Chocolate and Heart Failure

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Alvin B. Lin, MD, FAAFP

Associate Professor of Family and Community Medicine, University of Nevada School of Medicine

Adjunct Professor of Family Medicine and Geriatrics, Touro University Nevada College of Medicine

Advisory Medical Director, Infinity Hospice Care

Medical Director, Lions HealthFirst Foundation

Dr. Lin maintains a small private practice in Las Vegas, NV. The posts represent the views of Dr. Lin, and in no way are to be construed as representative of the above listed organizations. Dr. Lin blogs about current medical literature and news at


Well, Valentine's Day is just a week away, so I thought I'd review a randomized, double-blind, placebo-controlled study published just under 2 months ago in European Heart Journal looking at the beneficial effect of flavanol-rich chocolate on patients with heart failure. Specifically, the authors compared flavanol-rich chocolate to cocoa-liquor-free control chocolate, both manufactured by Nestle, the former commercially available as Nestle Noir Intense, in patients with typical systolic heart failure.

Vascular effects were measured three times, acutely 12 hours after initial intake of 1 bar and chronically after 2 weeks and 4 weeks of daily consumption of 2 bars. And the bars? The Nestle Noir Intense contained 10.5g of sugar and 17.9g of fat per 40g serving with 70% cocoa content. The cocoa-liquor-free control chocolate weighed in at 28.4g per serving but was equivalent in both sugar and fat content.

Now, in case you wondering if I have a financial stake in Nestle, I don't, at least not directly to my knowledge as all my investments are in mutual funds and who knows what the fund managers are buying & selling on a daily basis. So in an attempt at fair play, I direct your attention to (and, no I don't have a financial stake here either) or any other retail website devoted to chocolate. The purpose of describing the chocolate used in this study in such detail is to allow you to replicate the study or at least find similar chocolates close by at home. Unfortunately, milk chocolate and chocolate candy probably won't suffice.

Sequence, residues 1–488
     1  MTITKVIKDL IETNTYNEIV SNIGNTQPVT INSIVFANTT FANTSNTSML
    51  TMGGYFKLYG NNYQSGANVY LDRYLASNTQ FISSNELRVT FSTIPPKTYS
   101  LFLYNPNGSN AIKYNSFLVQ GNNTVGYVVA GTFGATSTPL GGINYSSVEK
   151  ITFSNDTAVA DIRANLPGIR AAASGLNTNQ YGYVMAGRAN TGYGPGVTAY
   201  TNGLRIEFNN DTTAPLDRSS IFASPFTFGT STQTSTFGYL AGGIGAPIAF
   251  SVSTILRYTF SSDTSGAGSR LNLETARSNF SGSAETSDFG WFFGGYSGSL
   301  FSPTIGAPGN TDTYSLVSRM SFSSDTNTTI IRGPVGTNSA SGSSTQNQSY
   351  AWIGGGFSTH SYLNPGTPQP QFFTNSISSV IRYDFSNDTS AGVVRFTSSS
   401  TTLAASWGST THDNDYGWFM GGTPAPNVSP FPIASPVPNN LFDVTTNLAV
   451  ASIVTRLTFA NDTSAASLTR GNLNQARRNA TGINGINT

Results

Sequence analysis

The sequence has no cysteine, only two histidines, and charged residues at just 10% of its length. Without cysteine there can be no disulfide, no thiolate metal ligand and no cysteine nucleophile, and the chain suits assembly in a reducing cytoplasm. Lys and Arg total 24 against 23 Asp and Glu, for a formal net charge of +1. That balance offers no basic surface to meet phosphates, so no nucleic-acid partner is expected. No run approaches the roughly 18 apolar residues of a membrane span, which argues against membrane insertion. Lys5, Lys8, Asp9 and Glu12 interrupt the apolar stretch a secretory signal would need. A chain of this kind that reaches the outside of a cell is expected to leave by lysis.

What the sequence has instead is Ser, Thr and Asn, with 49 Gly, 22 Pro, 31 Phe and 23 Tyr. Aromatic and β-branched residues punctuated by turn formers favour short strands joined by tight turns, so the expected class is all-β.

Granted the study size was small, just 10 patients in each group, average age 58 to 60 years of age and predominantly male with ejection fraction 30% to 35%. Yet, the authors noted statistically significant improvements in endothelial and platelet function, both acutely and after 4 weeks consumption of flavanol-rich chocolate compared to cocoa-liquor-free chocolate.

The next question is whether these results can be reproduced in a larger group and, more importantly, whether any clinically significant benefits can be demonstrated (eg decrease in mortality, or at least improvement in physical performance measures and/or quality of life). In the meantime, look for flavanol-rich chocolate for your Valentine, especially if he or she has heart failure.